The One feels more limited than MyCareer, but it does have one major advantage that shouldn't be overlooked: it doesn't rely on microtranscations. Where Virtual Currency is entwined in virtually ever aspect of NBA 2K18, from the player progression to the customization, NBA Live's The One has no microtransactions to speak of.
Instead, progression has handled via traditional skill trees, while customization is earned by separate in-game income. It's... refreshing.
The only drawback? You have to watch First Take, which is way too much Stephen A. Smith for one lifetime.
With the interconnected Pro-Am modes, it's quite easy to get many hours of enjoyment out of The One and the subsequent online team mode, which is where it shines. Sadly, NBA Live 18 falls apart once you delve into the other modes. Ultimate Team feels thin in comparison to its more fleshed out competitors, and franchise mode has a multitude of problems with its simulation engine. It's pretty obvious that EA had a limited number of resources to throw into NBA Live 18, and that they focused them on The One and the gameplay.
Honestly? It was probably the right decision.
But the consequence is that NBA 2K's suite of career modes is miles better than what's on offer in NBA Live 18. You can play through just a regular season; you can add in historical teams, and you can even play through a kind of story mode in which you balance the needs of your staff and your meddling owner. For sim nuts, it's no comparison.
But if you're sick of MyCareer's myriad flaws and mega dose of microtransactions and want something fresh? NBA Live 18 is actually a viable alternative.
Advantage: NBA 2K18 if you want franchise mode, NBA Live 18 if you're sick of microtransactions.
Conclusion: So Should You Buy NBA 2K18 or NBA Live 18?
There's no denying that NBA 2K18 is a very flawed package this year. Players have had to deal with serious glitches out of the gate, including corrupted saves and lost VC. There have also been reports of audio cutting out and cutscenes slowing to a crawl.
Fans have been mostly willing to overlook these issues in the past, but there's a sense that things are finally coming to a head. Multiple outlets are covering NBA 2K18's problems. As amazing as it is in many respects, its strong points can't help but be obscured by heaps of microtransactions and bugs.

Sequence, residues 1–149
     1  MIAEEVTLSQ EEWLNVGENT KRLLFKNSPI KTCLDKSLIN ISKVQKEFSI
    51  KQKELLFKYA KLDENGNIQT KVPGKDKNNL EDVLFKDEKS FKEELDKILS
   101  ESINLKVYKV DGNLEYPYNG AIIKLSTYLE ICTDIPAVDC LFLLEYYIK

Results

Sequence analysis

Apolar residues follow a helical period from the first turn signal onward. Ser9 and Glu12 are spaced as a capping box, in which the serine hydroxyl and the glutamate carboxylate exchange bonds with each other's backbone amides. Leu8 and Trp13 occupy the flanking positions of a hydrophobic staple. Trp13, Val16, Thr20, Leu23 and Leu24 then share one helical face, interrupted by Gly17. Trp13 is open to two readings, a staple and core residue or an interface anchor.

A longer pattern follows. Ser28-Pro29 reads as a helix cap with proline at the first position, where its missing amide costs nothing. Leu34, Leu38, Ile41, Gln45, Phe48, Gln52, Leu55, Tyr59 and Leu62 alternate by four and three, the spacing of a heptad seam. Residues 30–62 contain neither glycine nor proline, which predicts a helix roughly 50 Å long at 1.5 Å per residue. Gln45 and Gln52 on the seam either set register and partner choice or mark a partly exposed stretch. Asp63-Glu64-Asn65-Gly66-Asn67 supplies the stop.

That leaves the door open for NBA Live 18. EA has moved aggressively this year, giving NBA Live more attention than it's received in the past, and knocking $20 off the price of pre-orders. They're still miles behind in terms of community size and cultural cachet, but there's a willingness to embrace NBA Live now that I haven't seen since 2010. It's no longer a joke.
Whether you decide to embrace EA's sim of NBA 2K is mostly down to whether you need a breath of fresh air and some relief from microtransactions, because many of the other elements aren't there yet. But it nailed two aspects it desperately needed to get right: the gameplay and the career mode. The rest will come in time.
So while I'm not going to come out and say that NBA Live 18 is better than NBA 2K18—2K's sim is the better, more well-rounded game in most respects—I'm no longer willing to dismiss it out of hand. I can absolutely envision a scenario where someone might decide to ditch 2K for a year and try something different.
It's good news for EA, and good news for gamers who want more competition in the sports sim space. Hopefully 2K takes this as a wakeup call.
Overall: NBA 2K18 is still the better game, but NBA Live 18 is actually viable now. It's worth keeping an eye on going forward.